Pet Holiday Safety: Tips to keep your party animals safe for the holidays
It’s that time of year again.
For all the fun and festivities, however, the winter holiday season can be a treacherous time for household pets. Trees, ornaments, holiday foods, and even presents can be serious safety and health hazards for dogs and cats.
Candles may provide a nice mood, but they can burn a pet and much more if they get knocked over. By the eighth night of Hanukah, a menorah might as well be a flame thrower. The scents from candles and sachets can be harmful to birds. Liquid potpourri looks and smells tasty to a cat but a few licks can cause serious chemical burns.
The point is: Even the most sweet, innocent items become serious dangers when pets are around. Here’s some things you ought to know:
Way back in the 1970s, a natural foods pioneer named Euell Gibbons had a line that became famous on his ubiquitous Grape Nuts cereal commercials: “Ever eat a pine tree? Many parts are edible.”
While Grape Nuts may be good for you, pine trees are decidedly a health hazard to pets wanting to chomp on something new and exciting in the house.
- Tree water may contain fertilizers and bacteria that will give your pet nausea or diarrhea.
- Pine needles may look like delicious chew treats but the needles can puncture an animal’s intestines if ingested.
- Edible ornaments like cranberries or popcorn strings are “time bombs waiting to happen,” according to PetMD. Besides the dangers of eating them, cats playing with these dangling things can pull on them and knock the tree over.
Artificial trees may not be edible but they still share some dangers with real ones:
- They can both get knocked over. Consider putting your tree in a corner so it’s less accessible, or put something noisy around the bottom (like tin foil) so the noise will deter an approach — or at least warn you someone is getting too close for comfort.
- Flashing lights are a huge tease but pets can get tangled up in the wires (see ‘knocking tree down’) or electrocuted by chewing through them.
- What could be cuter than kitty all wrapped in tinsel and playing with a shiny ornament (see picture below)? But ingesting tinsel can block a cat’s or dog’s intestines, requiring surgery to fix. Broken ornaments can cut paws, mouths, and other body parts.
Watch a video with cats climbing in Xmas trees — plus more videos with expert safety tips.
With so many new and exotic goodies around the table, your dog or cat won’t want to miss out. You know your pets’ proper diet, and while you may be one of those lenient pet parents who allows the occasional people food treat, that can be a health hazard at holiday time. Don’t let your guests feed your pets scraps, no matter how much they (pets or people) beg.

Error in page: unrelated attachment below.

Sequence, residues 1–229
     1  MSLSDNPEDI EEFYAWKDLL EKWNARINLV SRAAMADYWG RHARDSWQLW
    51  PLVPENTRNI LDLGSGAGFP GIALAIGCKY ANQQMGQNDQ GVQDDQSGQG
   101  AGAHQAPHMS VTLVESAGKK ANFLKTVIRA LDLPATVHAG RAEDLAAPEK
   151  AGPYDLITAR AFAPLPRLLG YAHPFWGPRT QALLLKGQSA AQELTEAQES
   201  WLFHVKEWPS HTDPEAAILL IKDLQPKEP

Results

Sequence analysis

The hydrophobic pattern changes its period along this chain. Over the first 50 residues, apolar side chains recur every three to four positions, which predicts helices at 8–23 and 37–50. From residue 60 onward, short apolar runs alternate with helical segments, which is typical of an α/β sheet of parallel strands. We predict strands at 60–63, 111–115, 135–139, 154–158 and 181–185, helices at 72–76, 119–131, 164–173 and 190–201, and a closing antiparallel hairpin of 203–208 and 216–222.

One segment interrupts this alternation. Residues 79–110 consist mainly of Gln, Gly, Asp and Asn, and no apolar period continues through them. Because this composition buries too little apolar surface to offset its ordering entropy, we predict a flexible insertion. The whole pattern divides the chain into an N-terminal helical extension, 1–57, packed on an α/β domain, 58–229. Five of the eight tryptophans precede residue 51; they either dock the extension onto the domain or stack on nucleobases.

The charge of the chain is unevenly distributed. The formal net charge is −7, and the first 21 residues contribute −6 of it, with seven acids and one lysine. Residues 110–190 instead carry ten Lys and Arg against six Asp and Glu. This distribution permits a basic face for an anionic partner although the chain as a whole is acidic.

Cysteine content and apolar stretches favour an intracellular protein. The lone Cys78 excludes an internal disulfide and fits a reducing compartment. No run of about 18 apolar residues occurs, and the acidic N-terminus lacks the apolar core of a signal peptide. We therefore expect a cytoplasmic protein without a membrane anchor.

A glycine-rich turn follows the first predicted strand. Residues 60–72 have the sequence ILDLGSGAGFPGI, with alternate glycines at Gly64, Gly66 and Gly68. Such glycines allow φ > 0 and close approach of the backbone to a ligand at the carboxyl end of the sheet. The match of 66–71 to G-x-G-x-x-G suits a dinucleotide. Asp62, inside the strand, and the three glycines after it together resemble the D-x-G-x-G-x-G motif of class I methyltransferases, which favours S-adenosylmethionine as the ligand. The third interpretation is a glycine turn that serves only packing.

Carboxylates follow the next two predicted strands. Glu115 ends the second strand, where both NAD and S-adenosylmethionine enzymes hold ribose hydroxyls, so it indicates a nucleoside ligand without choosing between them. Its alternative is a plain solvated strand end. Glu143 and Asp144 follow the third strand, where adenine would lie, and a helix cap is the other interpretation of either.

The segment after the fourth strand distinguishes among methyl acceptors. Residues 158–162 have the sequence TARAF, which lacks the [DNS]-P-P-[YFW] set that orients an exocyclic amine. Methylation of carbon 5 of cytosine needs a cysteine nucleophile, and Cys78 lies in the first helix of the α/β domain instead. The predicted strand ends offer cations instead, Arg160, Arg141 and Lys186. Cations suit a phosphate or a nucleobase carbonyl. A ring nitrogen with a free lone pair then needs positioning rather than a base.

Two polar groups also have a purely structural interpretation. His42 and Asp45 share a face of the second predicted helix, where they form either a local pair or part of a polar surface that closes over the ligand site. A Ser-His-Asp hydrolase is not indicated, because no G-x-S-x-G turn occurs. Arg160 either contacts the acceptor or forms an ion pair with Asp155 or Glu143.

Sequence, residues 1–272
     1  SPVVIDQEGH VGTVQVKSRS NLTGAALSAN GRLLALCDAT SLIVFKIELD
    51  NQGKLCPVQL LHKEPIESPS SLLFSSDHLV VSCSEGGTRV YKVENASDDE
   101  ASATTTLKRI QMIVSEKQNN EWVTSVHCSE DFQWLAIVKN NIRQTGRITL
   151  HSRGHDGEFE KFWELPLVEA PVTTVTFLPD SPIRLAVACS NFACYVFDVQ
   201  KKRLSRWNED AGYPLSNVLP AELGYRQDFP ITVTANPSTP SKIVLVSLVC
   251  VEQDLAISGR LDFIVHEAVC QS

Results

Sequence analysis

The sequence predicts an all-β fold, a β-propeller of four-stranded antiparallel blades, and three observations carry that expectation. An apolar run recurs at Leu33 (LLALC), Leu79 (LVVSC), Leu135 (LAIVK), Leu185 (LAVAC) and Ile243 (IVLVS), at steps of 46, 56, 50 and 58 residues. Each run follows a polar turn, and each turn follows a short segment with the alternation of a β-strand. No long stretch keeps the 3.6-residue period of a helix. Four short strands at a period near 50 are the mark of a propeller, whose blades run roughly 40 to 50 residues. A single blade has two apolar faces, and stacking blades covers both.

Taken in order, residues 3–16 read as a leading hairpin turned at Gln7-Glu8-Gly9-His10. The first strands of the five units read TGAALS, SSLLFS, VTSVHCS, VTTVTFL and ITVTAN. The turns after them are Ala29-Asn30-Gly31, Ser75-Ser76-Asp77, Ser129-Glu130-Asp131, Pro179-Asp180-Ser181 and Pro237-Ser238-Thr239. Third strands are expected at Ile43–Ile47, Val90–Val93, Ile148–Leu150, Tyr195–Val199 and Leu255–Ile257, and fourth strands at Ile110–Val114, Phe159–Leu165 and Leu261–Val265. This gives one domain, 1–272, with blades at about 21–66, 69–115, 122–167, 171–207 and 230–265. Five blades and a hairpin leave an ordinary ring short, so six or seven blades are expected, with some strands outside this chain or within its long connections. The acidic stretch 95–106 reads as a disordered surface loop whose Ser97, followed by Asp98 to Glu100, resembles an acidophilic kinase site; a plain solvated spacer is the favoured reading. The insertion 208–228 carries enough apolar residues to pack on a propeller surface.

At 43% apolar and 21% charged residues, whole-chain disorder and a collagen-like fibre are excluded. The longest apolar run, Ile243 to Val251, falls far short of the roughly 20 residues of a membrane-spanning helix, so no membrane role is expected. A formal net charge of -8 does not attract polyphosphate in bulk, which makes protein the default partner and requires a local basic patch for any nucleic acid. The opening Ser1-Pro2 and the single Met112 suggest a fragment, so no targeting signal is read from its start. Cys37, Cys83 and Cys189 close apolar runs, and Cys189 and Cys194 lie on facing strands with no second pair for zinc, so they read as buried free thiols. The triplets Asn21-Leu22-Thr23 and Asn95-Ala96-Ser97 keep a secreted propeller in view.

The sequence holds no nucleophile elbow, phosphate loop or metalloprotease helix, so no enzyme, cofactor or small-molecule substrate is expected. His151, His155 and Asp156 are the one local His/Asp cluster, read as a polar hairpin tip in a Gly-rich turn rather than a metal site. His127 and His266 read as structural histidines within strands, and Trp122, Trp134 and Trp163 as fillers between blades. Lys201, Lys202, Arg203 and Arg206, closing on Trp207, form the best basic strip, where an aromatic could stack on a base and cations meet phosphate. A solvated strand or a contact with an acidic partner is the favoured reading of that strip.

Many very common foods — used in abundance at holiday time — can be poisonous and even fatal to pets. Fatty foods like turkey skin and gravy can cause pancreatitis (see comment on guests above). Turkey strings and pop-up thermometers look like tasty treats to a pet but can block its intestines.Don’t leave plates of leftovers lying around on low tables (or high ones either, if you have cats). Make sure your garbage bags are closed and inaccessible; gravy-stained tin foil tastes good but can cut up your pet’s insides. Turkey bones can break or splinter and cause similar damage.
Onions — a common ingredient in stuffing — are toxic to dogs, and chocolate (especially dark or baking chocolate) can actually kill a dog. Grapes and raisins cause kidney failure in dogs and cats. Alcohol is highly toxic, possibly fatal, so don’t leave half-finished cocktails lying around. Cats especially like eggnog.
Colorful red poinsettias are not as poisonous as many pet parents think, but mistletoe, holly, poinsettia, lilies, and other holiday plants will cause nausea and vomiting at best. Mistletoe berries are highly toxic, and lilies are outright deadly to cats.
Costumes and Toys
Who can resist dressing up their dog or cat or hamster in a cute little holiday costume? Well, lots of people; but still, pet costumes are increasingly popular these days. Just make sure any costume is safe and comfortable, and doesn’t hang down for your pet to trip over. Never tie anything around your pet’s neck that could choke or strangle him. (Style Pets products are designed with both comfort and safety in mind.)
Your dog will like its new chew toy but also want to chew on your own gifts. Think of them as children and follow the same safety advice, like keeping them away from small parts and hazardous substances.
Some pets are real party animals and love having company over for holiday celebrations. They’ll be the hit of the party. Others want nothing to do with it and will spend your holiday parties hiding in a closet. They will be the safest of all.
No matter how much your pet enjoys the occasion, however, holiday parties can be stressful for pets. All those new people, the noise, the commotion, the bright lights.
Let your guests know how your pets act and how to act around them; encourage them to pet and play with them if both are so inclined. It’s a party, after all.
Good behavior goes both ways. In addition to safety caveats for humans, the Association of Professional Dog Trainers provides good tips on training your dog to respond to the influx of visitors arriving at your door. PetEducation.com has some good tips just for cat owners.
In any case, always provide your pets with a comfort zone: a safe, quiet room where they can retreat and there’s plenty of water and their own good food and toys. You will both be the happier for it.
Got some tips to add? Let us know in the comments below.
Here are some sites with comprehensive and detailed information about pet safety for the holidays:
ASPCA: “Holiday Safety Tips”
American Humane Association: “Holiday Issues”
Pet Poison Helpline: “Winter Holiday Pet Poison Tips”
• 24/7 Emergency Helpline: 855-764-7661 ($39 fee per incident)